It’s as though talking about your plans is a form of procrastination, where you lack the simple clarity and focus to get going, so you talk to others about it, as if you were actually trying to talk yourself into it.

The more you talk, then, the lower your self esteem seems to be.

So men who talk very little, conversely, give off an aura of self confidence. They don’t need the approval or opinion of others. They just get on with it. Like the Spartans.

Intelligent acquaintances, like Socrates, will pick up on that soon enough. And that particularly includes women, who seem to prefer a man who is just that little bit mysterious and aloof.

A man of any experience knows, that the harder you try to impress a woman, cajole or lavish her with constant validation, the more pathetic it eventually makes you look in her eyes. All talk and no action.

Being interested but not smitten, is a sure sign of a man who is on a mission and has his priorities set. Think of how Hollywood has portrayed the laconic strong, silent type.

I grew up watching Westerns, with Gary Cooper, Humphrey Bogart, John Wayne and Clint Eastwood. All independent, self-reliant men who just got on with it, never complaining, and who took thinks as they came. Stoic, in every sense. There was a definite aim to portray these as desirable qualities for American men to aspire to.

Then later on we similarly had the lone wolf anti-hero’s like James Bond, Indiana Jones, Han Solo, Rambo, and Mad Max. Lets not forget the dark side – with Darth Vader, Michael Corleone or even Tony Soprano. All laconic in their own way.

Or how about literature, with Edgar Rice Burroughs’ Sherlock Holmes, John Carter, Tarzan and many others, too numerous to mention.

They were all men on a mission, who didn’t talk too much.

Psychologists today refer to this entire masculine genre as toxic and damaging to men as well as women. Supposedly men died from more heart attacks because they bottled things up, but now things are much better. Especially with antidepressants and lots of counselling. Stay away from your fathers and grandfathers, because they are supposedly toxic.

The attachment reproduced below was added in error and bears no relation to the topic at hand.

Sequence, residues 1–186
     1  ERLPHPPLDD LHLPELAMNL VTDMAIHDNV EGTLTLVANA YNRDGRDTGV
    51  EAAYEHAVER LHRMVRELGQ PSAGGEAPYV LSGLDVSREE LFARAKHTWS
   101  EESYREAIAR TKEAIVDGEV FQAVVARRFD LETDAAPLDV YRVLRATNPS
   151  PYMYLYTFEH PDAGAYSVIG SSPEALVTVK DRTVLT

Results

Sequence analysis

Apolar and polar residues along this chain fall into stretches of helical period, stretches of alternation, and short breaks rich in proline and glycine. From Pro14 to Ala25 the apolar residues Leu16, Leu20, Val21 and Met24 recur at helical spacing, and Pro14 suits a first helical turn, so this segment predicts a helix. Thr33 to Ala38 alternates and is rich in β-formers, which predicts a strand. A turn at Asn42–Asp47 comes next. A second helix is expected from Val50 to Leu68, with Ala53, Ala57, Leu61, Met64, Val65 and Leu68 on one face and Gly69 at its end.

Heart attacks are still on the rise, and medication for it is going through the roof. Not to mention depression and suicide.

Can we learn anything else from the Spartans then?

Most importantly, they didn’t care what anyone else thought.

I’ve heard it said that what someone says about you behind your back is none of your business.

That’s a good start. Trying to convince them through dialogue, argument and explanation only makes us look pathetic, according to the spartans.

When people engage you, treat excessive verbiage with disdain.

If they can’t get their point across succinctly, they probably don’t understand what they are trying to convince you of. Hold yourself to the same standards.

Like you, I trawl across youtube and podcasts, looking for inspirational and education material to improve myself.

When I see an hour, two, or more of some interview or lecture, I tend to just keep scrolling. I rarely feel like spending two hours watching someone waffle on just so I can extract a couple of minutes worth of gems. I want to get what I came for, and then be on my way.

Hopefully you’ll get a decent return on investment watching my videos, and then be on your way.